Congresswoman Silvia Ayala of the anti-coup Unificación Democrática (UD) Party had just returned from Mexico and was en route to the Dominican Republic, part of a trajectory aimed at strengthening international condemnation of the June 28 coup d’etat against President Mel Zelaya. She made time to speak with me at a cafeteria in the northwestern Honduran city of San Pedro Sula and arrived with her husband and two children, who alternately contributed anecdotes to the discussion, answered Ayala’s cell phone, and—in the case of her young son—drew pictures in a notebook.
A lawyer herself, Ayala announced that about 200 Honduran attorneys had actively joined the coup resistance despite the general alliance between Honduran law school faculties and the political right. The Spanish description of the alliance exploits the homophonic similarity between derecho—law—and derecha, right, with additional Spanish homophony made possible by the arrival that day of Judge Baltasar Garzón of Spain to investigate coup regime violations of derechos humanos, human rights.
Such derechos had been one focus of Ayala’s recent appearance at the Foro de Sao Paulo in Mexico City, attended by over 500 mainly Latin American delegates. At the cafeteria in San Pedro Sula, Ayala listed what she considered to be some of the primary violations currently occurring in Honduras, including instances of assassination and torture and a general persecution of Nicaraguan nationals innocently going about their business. As for curtailment of other liberties, Ayala informed me that she had learned from a hotel television set in June that Roberto Micheletti had been unanimously voted in as coup President, a unanimity that was apparently easier to maintain when certain members of Congress were not permitted to vote and were instead reduced to watching congressional proceedings on television.
A different version of events is provided by “La Gringa’s Blogicito,” a title that only becomes more endearing with the blog’s stated premise: “Tropical gardening and living in La Ceiba, Honduras. Neither is easy for this expatriate American woman.” According to La Gringa, whose posts alternate between themes like “Zelayistas attack a 71-year-old man” and “It’s back! Rainy season,” Congress members blocked from attending Congress blocked themselves. As for Ayala’s claim that she was invited to Mexico by the Vice-president of the Mexican Senate, La Gringa reveals the real reason for her departure from Honduras in an August 20 blog post entitled “Silvia Ayala left in shame.”
The post begins: “After being caught in her ridiculous lies yesterday, UD Congresswoman Silvia Avayla fled to Mexico… denouncing that human rights violations and media pressure have made her leave.” Proof of her flight is offered in a link to an August 20 La Tribuna article that manages to spell Ayala’s name correctly but does not mention that she is fleeing her own lies in addition to human rights violations and media pressure; proof of the lies is meanwhile provided in a link to La Gringa’s blog post of five o’clock that morning concerning the visit to Honduras of the Inter-American Human Rights Commission, CIDH in its Spanish acronym.
In the post, La Gringa laments the idea that the CIDH is refusing to talk to anyone in Honduras who is not in the coup resistance. Neglected segments of society include parents concerned that their children are being threatened and brainwashed by schoolteachers, people who are denied government services when service providers choose to block roads instead of provide, fast food employees fearful of “being subjected to falling sheets of glass (from rioters breaking windows),” and 123 congressmen who are suddenly in the same boat as the poor of Honduras:
While the commission refuses to talk to 123 congressmen*, they will talk to the 12 congressmen who have refused to attend congressional sessions, but still come to collect their generous paychecks, while the poor in this country continue to go hungry.”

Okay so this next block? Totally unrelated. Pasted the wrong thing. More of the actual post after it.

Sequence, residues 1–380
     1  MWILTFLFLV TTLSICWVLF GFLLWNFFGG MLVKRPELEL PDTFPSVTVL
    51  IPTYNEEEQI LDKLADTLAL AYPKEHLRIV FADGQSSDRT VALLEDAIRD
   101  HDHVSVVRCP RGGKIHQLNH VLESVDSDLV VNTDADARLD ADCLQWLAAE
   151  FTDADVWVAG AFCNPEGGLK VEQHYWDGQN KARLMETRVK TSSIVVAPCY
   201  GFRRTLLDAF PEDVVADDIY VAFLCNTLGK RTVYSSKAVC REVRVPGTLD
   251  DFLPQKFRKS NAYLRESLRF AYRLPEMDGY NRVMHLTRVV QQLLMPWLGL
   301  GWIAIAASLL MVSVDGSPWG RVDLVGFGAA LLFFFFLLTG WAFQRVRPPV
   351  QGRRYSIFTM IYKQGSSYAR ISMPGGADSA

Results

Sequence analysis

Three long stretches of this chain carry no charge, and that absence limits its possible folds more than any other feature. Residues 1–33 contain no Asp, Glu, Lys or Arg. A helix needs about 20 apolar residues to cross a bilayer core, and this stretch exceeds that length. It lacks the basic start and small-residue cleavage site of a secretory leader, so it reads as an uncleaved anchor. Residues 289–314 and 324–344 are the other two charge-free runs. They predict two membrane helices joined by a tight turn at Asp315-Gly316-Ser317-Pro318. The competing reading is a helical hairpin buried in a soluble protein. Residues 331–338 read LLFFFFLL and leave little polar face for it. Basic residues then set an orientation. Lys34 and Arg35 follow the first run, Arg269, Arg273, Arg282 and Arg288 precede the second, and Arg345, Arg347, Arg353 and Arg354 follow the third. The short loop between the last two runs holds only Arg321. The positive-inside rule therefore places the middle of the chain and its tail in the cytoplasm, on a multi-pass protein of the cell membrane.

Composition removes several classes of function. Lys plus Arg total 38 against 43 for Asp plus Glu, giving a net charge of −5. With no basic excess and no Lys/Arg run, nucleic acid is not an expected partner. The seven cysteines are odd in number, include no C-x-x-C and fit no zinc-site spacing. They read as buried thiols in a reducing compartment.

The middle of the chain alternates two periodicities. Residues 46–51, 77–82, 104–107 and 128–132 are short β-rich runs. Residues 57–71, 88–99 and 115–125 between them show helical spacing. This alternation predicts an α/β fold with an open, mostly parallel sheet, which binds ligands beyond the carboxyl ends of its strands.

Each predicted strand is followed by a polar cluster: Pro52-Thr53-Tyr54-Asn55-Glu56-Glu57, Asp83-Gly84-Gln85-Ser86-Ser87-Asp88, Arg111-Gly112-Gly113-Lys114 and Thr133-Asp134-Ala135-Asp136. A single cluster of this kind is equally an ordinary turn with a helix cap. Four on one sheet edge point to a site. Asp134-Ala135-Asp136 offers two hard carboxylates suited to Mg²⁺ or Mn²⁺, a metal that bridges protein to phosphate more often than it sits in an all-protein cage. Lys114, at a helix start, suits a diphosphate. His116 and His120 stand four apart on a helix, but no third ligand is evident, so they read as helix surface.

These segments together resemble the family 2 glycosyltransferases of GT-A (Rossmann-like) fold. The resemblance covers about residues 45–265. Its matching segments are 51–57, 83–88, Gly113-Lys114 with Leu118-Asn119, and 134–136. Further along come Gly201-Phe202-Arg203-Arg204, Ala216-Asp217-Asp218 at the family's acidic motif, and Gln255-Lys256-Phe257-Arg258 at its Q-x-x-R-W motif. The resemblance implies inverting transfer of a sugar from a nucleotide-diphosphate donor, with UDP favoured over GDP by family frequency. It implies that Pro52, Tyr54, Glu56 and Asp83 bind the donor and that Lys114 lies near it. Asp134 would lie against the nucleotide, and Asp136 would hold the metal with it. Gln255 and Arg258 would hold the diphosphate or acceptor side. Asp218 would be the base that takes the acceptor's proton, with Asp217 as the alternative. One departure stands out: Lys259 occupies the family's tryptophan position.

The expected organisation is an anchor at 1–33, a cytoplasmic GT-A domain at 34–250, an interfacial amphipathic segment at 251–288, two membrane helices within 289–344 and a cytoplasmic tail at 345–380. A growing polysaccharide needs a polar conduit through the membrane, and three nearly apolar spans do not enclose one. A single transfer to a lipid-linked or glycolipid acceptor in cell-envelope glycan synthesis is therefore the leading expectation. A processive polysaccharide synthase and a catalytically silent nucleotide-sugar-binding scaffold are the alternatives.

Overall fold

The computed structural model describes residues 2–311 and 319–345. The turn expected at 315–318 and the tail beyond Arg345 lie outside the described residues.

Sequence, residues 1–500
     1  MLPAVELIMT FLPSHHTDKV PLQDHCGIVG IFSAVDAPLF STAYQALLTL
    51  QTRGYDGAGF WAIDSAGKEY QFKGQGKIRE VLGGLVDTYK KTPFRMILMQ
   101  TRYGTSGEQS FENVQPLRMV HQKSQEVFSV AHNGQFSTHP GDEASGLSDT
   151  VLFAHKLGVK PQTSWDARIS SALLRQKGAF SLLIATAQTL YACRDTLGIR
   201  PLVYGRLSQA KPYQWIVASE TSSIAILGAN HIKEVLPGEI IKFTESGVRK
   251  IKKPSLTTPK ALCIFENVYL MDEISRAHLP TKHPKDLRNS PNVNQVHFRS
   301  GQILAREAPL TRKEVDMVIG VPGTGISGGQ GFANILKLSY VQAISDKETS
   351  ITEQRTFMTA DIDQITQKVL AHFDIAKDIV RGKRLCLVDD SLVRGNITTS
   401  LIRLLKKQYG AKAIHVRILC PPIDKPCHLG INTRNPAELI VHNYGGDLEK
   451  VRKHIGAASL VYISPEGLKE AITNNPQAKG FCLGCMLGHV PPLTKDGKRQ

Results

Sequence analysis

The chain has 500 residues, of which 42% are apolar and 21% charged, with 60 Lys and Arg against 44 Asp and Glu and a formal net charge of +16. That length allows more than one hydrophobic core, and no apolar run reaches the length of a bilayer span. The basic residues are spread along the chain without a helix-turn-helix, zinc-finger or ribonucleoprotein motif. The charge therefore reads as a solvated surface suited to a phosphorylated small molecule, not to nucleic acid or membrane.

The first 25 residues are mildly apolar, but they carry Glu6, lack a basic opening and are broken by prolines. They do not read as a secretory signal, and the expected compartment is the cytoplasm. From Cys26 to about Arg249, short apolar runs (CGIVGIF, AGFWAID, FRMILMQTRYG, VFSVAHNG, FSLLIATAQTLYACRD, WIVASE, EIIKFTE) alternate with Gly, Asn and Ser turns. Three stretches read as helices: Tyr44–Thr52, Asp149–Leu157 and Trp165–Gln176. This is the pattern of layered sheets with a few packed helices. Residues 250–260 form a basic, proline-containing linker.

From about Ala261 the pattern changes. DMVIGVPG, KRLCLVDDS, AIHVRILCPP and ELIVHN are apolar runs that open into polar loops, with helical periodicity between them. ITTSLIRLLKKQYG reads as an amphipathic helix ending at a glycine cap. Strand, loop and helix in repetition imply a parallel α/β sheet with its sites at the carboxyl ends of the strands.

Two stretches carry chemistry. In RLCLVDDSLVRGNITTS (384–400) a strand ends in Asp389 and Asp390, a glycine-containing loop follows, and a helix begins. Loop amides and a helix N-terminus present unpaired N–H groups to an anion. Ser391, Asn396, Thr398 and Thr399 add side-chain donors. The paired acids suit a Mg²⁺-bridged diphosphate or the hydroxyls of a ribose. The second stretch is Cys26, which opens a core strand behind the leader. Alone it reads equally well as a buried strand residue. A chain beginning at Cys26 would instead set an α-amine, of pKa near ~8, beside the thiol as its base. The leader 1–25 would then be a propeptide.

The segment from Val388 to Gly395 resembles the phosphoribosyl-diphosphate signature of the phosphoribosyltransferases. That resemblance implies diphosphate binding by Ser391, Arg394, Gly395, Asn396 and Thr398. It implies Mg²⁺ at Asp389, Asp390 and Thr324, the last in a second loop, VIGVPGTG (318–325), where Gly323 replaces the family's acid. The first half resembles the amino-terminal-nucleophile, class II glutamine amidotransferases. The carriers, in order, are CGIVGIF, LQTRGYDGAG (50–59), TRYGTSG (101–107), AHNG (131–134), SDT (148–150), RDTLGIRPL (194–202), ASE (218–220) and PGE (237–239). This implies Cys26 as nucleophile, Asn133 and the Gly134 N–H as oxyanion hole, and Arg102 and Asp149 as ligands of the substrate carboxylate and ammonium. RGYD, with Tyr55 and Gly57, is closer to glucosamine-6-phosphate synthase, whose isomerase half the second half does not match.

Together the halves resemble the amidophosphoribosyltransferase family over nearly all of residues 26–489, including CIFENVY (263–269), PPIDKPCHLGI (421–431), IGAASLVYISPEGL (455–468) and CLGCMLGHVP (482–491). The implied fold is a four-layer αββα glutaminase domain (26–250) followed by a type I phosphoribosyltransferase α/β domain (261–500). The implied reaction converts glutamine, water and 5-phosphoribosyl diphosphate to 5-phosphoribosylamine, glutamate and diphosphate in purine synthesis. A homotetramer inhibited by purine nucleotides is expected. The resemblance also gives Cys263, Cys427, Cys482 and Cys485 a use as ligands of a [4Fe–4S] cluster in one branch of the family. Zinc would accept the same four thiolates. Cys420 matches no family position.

La Gringa concludes that the plight of all of these people will continue to be ignored unless they “start throwing rocks and starting fires and then resist arrest.” Just when tropical gardening and living in La Ceiba, Honduras is starting to seem really unmanageable, however, we find that the asterisk next to the neglected congressmen corresponds to a “bright point… which gives hope.” The bright point occurs in an August 19 La Tribuna article entitled “‘Desenmascaran’ a los diputados en resistencia” regarding the unmasking of Congress members belonging to the resistance, who should presumably be easy to identify if they are not showing up for work.
It turns out that what is being exposed is merely the punctuality with which the Congress members in question have retrieved their paychecks. Congressional President José Alfredo Saavedra claims to have delivered proof of this to the CIDH in a meeting at the Congress building, which suggests that the 123 neglected congressmen have improved their standing over the poor of Honduras when it comes to talking to human rights commissions. Saavedra refrains from revealing the identities of the missing Congress members “so as not to enter into confrontations,” although La Tribuna provides 12 possible candidates; La Gringa meanwhile refuses to reveal her own identity but succeeds in unmasking partisans of the UD in her August 20 blog post, in which a photograph of Ayala is labeled “Congresswoman Silvia Ayala, UD (FARC) party.”
Sipping her coffee in the cafeteria, Ayala explained that terrorist ties were often invoked whenever there was a threat of political reform in favor of the people, and denied the interchangeability of acronyms between her own party and the Revolutionary Armed Forces of Colombia. Such accusations were currently managed by coup President Micheletti, whose insistence that there was proof of ties enabled the Honduran media to report them as fact; La Gringa nonetheless remains skeptical of the media’s noble intentions:
Ask yourself this: what would happen if your senator made a human rights accusation against the government of Barack Obama saying that he or she was forcefully denied entry to the congress, was assaulted, and was not paid his salary…. and later it was found to be totally false? Did you think that the media would be interested? Hah! Talk about media persecution!”
La Gringa continues to compensate for the perceived lack of media attention to congressional paychecks but fails to explain why there is a need for such paychecks given the sudden wealth of Colombian guerrilla outfits, reiterating that “[p]ersonally, as poor as Honduras is, as much need as there is in this country, I don’t think any government employee who doesn’t go to work should get paid.”